In the past, more often than not, aggressive women have been rebuked, told to keep a lid on, turn the other cheek, get over it. Repression more than aggression was seen as woman’s domain. But recently there’s been a noticeable cultural shift. With growing frequency, women’s aggression is now celebrated in contemporary culture--in movies and TV, online ventures, and art. In Push Comes to Shove, Maud Lavin examines these new images of aggressive women and how they affect women’s lives.
Heterosexuality is celebrated--in film and television, in pop songs and opera, in literature and on greeting cards--and at the same time taken for granted. It is the cultural and sexual norm by default. And yet, as Louis-Georges Tin shows in The Invention of Heterosexual Culture, in premodern Europe heterosexuality was perceived as an alternative culture. The practice of heterosexuality may have been standard, but the symbolic primacy of the heterosexual couple was not.
“I had to rediscover who I was. And that’s why I left the apartment.... And there I was, right in the heart of the Arab world, a world that never tired of making the same mistakes over and over.... I had no more leniency when it came to the Arab world... None for the Arabs and none for myself. I suddenly saw things with merciless lucidity...” –An Arab Melancholia
A Hollywood biopic about the life of computer pioneer Grace Murray Hopper (1906–1992) would go like this: a young professor abandons the ivy-covered walls of academia to serve her country in the Navy after Pearl Harbor and finds herself on the front lines of the computer revolution. She works hard to succeed in the all-male computer industry, is almost brought down by personal problems but survives them, and ends her career as a celebrated elder stateswoman of computing, a heroine to thousands, hailed as the inventor of computer programming.
Fred Halsted’s L.A. Plays Itself (1972) was gay porn’s first masterpiece: a sexually explicit, autobiographical, experimental film whose New York screening left even Salvador Dalí repeatedly muttering "new information for me." Halsted, a self-taught filmmaker, shot the film over a period of three years in a now-vanished Los Angeles, a city at once rural and sleazy.
The intrauterine device (IUD) is used by 150 million women around the world. It is the second most prevalent method of female fertility control in the global South and the third most prevalent in the global North. Over its five decades of use, the IUD has been viewed both as a means for women’s reproductive autonomy and as coercive tool of state-imposed population control, as a convenient form of birth control on a par with the pill and as a threat to women’s health. In this book, Chikako Takeshita investigates the development, marketing, and use of the IUD since the 1960s.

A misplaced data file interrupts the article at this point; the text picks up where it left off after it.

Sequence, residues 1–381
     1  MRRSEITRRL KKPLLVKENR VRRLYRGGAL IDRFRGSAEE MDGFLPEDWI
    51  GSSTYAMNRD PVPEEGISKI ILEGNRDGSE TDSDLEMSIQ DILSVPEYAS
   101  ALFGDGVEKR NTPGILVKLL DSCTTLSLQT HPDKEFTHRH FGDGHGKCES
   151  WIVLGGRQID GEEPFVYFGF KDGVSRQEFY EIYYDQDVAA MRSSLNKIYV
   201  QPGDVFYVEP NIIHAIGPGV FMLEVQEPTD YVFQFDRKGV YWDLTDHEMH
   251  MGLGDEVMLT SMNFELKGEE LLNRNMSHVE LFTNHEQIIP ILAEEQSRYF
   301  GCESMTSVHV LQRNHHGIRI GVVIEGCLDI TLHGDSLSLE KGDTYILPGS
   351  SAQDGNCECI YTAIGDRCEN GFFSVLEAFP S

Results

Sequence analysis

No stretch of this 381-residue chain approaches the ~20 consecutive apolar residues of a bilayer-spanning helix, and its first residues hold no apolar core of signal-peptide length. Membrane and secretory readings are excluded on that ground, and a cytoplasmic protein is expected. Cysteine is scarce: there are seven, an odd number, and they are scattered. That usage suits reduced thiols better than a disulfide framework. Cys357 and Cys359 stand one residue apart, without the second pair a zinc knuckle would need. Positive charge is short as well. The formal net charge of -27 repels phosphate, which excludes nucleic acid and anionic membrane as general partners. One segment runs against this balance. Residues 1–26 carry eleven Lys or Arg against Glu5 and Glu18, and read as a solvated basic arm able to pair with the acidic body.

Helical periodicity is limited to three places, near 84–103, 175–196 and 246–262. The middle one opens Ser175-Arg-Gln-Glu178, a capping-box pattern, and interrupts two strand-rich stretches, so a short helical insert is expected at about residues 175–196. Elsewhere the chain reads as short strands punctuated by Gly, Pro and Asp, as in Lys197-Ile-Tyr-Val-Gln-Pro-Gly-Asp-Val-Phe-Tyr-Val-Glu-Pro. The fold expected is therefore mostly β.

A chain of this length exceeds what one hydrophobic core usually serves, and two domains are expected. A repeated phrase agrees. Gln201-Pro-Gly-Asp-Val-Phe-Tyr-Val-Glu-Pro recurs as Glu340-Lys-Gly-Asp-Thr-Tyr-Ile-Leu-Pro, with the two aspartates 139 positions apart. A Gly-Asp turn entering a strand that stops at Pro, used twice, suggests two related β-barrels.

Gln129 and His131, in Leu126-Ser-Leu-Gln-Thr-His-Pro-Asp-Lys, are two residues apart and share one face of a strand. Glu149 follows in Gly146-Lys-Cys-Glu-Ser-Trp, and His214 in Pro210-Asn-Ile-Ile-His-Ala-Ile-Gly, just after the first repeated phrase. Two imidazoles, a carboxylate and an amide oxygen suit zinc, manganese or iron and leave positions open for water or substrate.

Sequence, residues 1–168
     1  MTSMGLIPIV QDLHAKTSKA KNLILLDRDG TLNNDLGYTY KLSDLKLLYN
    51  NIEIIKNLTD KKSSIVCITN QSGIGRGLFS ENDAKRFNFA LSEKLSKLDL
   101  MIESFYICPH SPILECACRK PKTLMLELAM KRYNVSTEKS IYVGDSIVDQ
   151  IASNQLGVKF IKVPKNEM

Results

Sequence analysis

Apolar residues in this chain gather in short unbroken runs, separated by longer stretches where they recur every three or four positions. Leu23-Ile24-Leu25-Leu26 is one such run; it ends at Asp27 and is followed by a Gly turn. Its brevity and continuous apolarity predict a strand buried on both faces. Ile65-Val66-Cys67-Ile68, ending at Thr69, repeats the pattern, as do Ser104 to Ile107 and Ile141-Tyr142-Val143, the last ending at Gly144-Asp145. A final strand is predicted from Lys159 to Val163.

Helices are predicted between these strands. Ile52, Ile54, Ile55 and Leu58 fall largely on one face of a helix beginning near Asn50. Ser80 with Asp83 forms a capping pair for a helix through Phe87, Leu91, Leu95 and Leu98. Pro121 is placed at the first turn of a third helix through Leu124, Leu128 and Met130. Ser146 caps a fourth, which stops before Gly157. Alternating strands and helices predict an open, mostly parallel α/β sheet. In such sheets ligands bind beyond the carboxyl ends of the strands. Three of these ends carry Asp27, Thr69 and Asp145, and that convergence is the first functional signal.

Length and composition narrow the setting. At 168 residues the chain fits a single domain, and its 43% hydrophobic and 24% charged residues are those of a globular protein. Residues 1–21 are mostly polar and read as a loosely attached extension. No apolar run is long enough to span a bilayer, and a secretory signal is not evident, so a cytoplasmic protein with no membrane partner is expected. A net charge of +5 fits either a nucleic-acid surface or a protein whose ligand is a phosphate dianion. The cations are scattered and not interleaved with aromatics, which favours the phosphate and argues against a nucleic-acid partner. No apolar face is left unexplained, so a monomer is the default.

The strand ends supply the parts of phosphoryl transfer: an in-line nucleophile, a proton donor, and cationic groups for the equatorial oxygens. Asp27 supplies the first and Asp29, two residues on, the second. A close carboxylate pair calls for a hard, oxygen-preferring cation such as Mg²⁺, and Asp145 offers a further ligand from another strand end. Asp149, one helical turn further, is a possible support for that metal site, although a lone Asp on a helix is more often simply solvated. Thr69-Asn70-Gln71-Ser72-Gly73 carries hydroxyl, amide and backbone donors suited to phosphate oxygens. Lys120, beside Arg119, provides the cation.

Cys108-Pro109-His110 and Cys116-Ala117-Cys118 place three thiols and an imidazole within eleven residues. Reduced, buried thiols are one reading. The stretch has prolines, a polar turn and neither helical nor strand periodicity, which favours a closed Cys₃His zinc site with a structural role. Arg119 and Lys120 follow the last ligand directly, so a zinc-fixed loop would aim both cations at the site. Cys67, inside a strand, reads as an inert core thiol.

Popularized by such best-selling authors as Michael Pollan, Barbara Kingsolver, and Eric Schlosser, a growing food movement urges us to support sustainable agriculture by eating fresh food produced on local family farms. But many low-income neighborhoods and communities of color have been systematically deprived of access to healthy and sustainable food. These communities have been actively prevented from producing their own food and often live in “food deserts” where fast food is more common than fresh food.
Digital production tools and online networks have dramatically increased the general visibility, accessibility, and diversity of pornography. Porn can be accessed for free, anonymously, and in a seemingly endless range of niches, styles, and formats. In Carnal Resonance, Susanna Paasonen moves beyond the usual debates over the legal, political, and moral aspects of pornography to address online porn in a media historical framework, investigating its modalities, its affect, and its visceral and disturbing qualities.
Over the past two decades, artists James Luna, Fred Wilson, Amalia Mesa-Bains, Pepón Osorio, and Renée Green have had a profound impact on the meaning and practice of installation art in the United States. In Subject to Display, Jennifer González offers the first sustained analysis of their contribution, linking the history and legacy of race discourse to innovations in contemporary art. Race, writes González, is a social discourse that has a visual history.